Explorer-anthropologist and Rolex Laureate Johan Reinhard, renowned worldwide for his 1995 discovery of an Inca sacrificial mummy, called the “Ice Maiden” high in the Andes, has been honoured with the Sir Edmund Hillary Mountain Legacy Medal, which recognizes remarkable service in the conservation of culture and nature in mountainous regions.
The medal was presented on 11 December 2017 during the 4th Mountain Festival – at a ceremony in the International Mountain Museum in Pokhara, Nepal’s second-biggest city. Dr Seth Sicroff, Director of the Hillary Medal Project, praised Reinhard highly, describing him as “one of the most influential and most honoured adventurer-scholars in history”.
“When I first heard about the medal, I thought it’s going to be a bad comparison [between Hillary and himself],” Reinhard says. “But we did share some things. He went out of his way to preserve the environment and the culture of mountain peoples. The medal honours what he was trying to do − help mountain people, especially the Sherpas. In those years in the 1950s, when Hillary and Sherpa guide Tenzing Norgay reached the top of Mount Everest, Sherpas were not getting credit and Hillary was annoyed with that. They love him there.”
Born in the United States, Reinhard has spent five decades as an archaeologist and anthropologist exploring the mountain regions of Nepal and the Andes in Latin America. His research has focused on the sacred beliefs and cultural practices of mountain peoples in the Andes and Himalayas, and on preserving their cultural patrimony.
At age 74, he still climbs mountains, though slowly due to his knees. “I haven’t been climbing higher than 17,000 feet [5,181 metres], because there hasn’t been a reason to.”
Anthology of articles
On his latest trip to Nepal he researched tribes whom he had studied 50 years ago, including the Kusunda tribe, which has its own language, part of a unique language family. Only two Kusunda members now speak the language fluently. “I’m getting material together for a book that includes an anthology of articles from 50 years ago and I am trying to update them,” said Reinhard, who has also worked with fellow Rolex Laureate Professor George van Driem, an expert on Himalayan languages.
Reinhard met Hillary several times: “He was a wonderful guy… He wanted people to see that he was giving something back. I have the same feeling of hoping to do some good.”
Whereas Hillary was able to raise major contributions for building schools because of his conquest of Everest, Reinhard has had a different approach. “I have been studying the culture, which in the Andes included excavations that resulted in museums being built in three countries. There are different ways to contribute,” he notes.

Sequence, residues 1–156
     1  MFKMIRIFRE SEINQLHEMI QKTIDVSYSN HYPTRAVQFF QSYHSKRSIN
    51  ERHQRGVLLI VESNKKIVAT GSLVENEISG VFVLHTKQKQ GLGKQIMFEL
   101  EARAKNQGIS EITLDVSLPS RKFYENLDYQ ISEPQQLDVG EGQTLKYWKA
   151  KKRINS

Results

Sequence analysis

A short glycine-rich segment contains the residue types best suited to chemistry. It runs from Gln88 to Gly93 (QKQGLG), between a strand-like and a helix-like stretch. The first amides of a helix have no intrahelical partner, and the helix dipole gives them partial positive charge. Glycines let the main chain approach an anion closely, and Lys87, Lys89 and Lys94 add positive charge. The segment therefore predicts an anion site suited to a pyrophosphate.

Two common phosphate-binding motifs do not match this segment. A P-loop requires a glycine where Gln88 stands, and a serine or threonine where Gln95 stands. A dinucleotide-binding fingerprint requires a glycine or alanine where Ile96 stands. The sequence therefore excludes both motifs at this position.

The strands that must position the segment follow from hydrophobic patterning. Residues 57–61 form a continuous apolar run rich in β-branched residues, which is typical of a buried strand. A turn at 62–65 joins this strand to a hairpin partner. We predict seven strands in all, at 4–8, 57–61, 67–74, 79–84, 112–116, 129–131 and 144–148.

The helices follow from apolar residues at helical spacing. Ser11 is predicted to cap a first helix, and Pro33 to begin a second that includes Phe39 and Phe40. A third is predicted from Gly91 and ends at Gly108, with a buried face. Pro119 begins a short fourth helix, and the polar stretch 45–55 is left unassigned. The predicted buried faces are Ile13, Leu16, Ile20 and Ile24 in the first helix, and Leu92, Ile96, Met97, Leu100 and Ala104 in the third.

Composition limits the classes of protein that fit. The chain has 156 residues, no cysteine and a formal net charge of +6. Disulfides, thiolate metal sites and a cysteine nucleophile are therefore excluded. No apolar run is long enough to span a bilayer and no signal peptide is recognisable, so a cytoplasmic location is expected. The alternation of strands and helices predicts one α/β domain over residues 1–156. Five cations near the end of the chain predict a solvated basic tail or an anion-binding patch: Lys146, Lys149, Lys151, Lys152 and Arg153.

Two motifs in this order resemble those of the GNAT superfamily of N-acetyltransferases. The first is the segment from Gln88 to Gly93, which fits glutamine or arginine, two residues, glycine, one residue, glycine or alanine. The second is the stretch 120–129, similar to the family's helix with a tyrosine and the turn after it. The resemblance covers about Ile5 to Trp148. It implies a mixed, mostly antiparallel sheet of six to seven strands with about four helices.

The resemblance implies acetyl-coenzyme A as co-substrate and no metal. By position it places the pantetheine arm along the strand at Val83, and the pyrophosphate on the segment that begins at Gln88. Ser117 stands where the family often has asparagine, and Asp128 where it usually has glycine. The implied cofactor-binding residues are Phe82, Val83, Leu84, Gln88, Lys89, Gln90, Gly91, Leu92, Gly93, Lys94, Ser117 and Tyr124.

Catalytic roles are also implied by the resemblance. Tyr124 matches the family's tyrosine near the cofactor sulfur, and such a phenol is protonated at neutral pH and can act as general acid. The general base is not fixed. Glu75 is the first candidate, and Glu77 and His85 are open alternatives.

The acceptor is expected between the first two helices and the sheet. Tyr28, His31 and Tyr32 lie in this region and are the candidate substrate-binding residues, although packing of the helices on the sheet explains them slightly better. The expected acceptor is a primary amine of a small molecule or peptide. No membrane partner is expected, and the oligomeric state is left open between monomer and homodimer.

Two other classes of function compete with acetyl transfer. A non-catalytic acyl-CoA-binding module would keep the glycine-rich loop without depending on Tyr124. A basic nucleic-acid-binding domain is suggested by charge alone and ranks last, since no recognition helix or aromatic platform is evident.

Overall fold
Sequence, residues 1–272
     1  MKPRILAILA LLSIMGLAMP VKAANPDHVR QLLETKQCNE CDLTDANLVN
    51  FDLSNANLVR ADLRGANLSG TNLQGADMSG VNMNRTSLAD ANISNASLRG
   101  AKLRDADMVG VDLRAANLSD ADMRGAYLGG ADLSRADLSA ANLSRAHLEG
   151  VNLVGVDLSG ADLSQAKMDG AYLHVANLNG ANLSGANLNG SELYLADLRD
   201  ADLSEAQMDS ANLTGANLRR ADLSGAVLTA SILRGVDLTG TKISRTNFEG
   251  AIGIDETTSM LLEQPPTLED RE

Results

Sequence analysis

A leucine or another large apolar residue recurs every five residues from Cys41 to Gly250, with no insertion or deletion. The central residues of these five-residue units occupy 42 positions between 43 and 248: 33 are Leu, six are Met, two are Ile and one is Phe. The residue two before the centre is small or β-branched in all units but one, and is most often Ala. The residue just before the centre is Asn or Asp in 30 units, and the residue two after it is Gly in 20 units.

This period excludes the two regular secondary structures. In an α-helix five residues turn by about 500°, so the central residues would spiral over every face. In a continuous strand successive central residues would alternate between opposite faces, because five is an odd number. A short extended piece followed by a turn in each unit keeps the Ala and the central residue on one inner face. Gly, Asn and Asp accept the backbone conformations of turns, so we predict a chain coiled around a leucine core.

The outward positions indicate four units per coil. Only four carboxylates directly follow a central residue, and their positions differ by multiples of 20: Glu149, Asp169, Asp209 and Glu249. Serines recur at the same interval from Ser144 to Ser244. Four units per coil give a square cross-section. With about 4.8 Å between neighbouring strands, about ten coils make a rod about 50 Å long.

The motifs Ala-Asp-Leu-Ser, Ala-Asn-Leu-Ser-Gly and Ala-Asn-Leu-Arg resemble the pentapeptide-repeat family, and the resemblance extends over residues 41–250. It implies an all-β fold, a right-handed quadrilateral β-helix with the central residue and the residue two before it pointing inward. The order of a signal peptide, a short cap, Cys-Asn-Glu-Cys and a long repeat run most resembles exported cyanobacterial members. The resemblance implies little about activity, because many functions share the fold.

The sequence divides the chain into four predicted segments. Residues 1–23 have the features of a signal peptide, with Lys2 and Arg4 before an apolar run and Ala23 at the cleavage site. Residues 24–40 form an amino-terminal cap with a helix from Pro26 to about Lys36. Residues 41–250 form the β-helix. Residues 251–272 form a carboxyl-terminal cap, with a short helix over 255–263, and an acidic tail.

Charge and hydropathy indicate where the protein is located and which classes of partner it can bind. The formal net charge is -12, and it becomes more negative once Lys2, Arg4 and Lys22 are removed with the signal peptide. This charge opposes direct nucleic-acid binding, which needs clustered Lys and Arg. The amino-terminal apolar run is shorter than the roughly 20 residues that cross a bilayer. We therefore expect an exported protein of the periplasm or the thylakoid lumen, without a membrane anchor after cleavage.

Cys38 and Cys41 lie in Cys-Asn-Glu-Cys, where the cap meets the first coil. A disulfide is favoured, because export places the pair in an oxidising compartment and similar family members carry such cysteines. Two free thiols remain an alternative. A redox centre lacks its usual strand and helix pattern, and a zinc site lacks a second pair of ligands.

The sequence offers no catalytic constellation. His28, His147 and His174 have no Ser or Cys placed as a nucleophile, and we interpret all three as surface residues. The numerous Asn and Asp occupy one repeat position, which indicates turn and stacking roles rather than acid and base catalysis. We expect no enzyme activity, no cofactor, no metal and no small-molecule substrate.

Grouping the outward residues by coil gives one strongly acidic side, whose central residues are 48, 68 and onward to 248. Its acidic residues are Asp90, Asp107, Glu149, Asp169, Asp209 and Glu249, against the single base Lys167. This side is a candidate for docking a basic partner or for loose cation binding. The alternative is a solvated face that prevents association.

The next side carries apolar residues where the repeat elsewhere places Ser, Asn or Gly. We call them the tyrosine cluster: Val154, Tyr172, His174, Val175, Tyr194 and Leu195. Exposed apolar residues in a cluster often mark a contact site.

Sir Edmund Hillary and Dr Reinhard are also linked by the Rolex Awards for Enterprise. Hillary was a member of the 1993 Rolex Awards Jury and Reinhard won a Rolex Award in 1987 for his project “to rescue and preserve the cultural patrimony of the Andean people” and was a member of the 1998 Rolex Awards Jury.
“The Rolex Award was very important to me in 1987,” Reinhard said. “I was just at the end of a grant I had received. I had never had a salary. With the Rolex money, I was able to go and do work I had wanted to do for years, including excavating sites. I had never had that flexibility until I got the Rolex Award. You’re automatically seen as someone who is legitimate. I had published material before, but after the Award you are recognized.”
Reinhard spent more than a decade in Nepal, but he is most famous for his discoveries in the Andes, particularly the “Ice Maiden” in Peru, followed by the discovery in 1999 of three mummies at 6,700 metres (22,000 feet) on the border between Argentina and Chile.
“The 1999 group had a sacrificial mummy of a young woman as well, so they were like bookends,” Reinhard explained, adding that the small museum [the High Mountain Archaeological Museum] that holds them is the second most popular in Argentina.
“At the time of discovery, we did not know you would be able one day, from their hair, to determine changes of diets. So, you can see how the “Ice Maiden’s” diet changed two years before she died. As technology keeps developing, you find out more… If you take a frozen human, it’s literally a time capsule.”
“The mummies are magnets for children, and as such make wonderful tools for education. Alongside adventure, it is possible to study disciplines such as the science surrounding DNA or ornithology, studying the feathers the mummies were wearing when we found them. You can go on to discuss geography, politics,” he notes.
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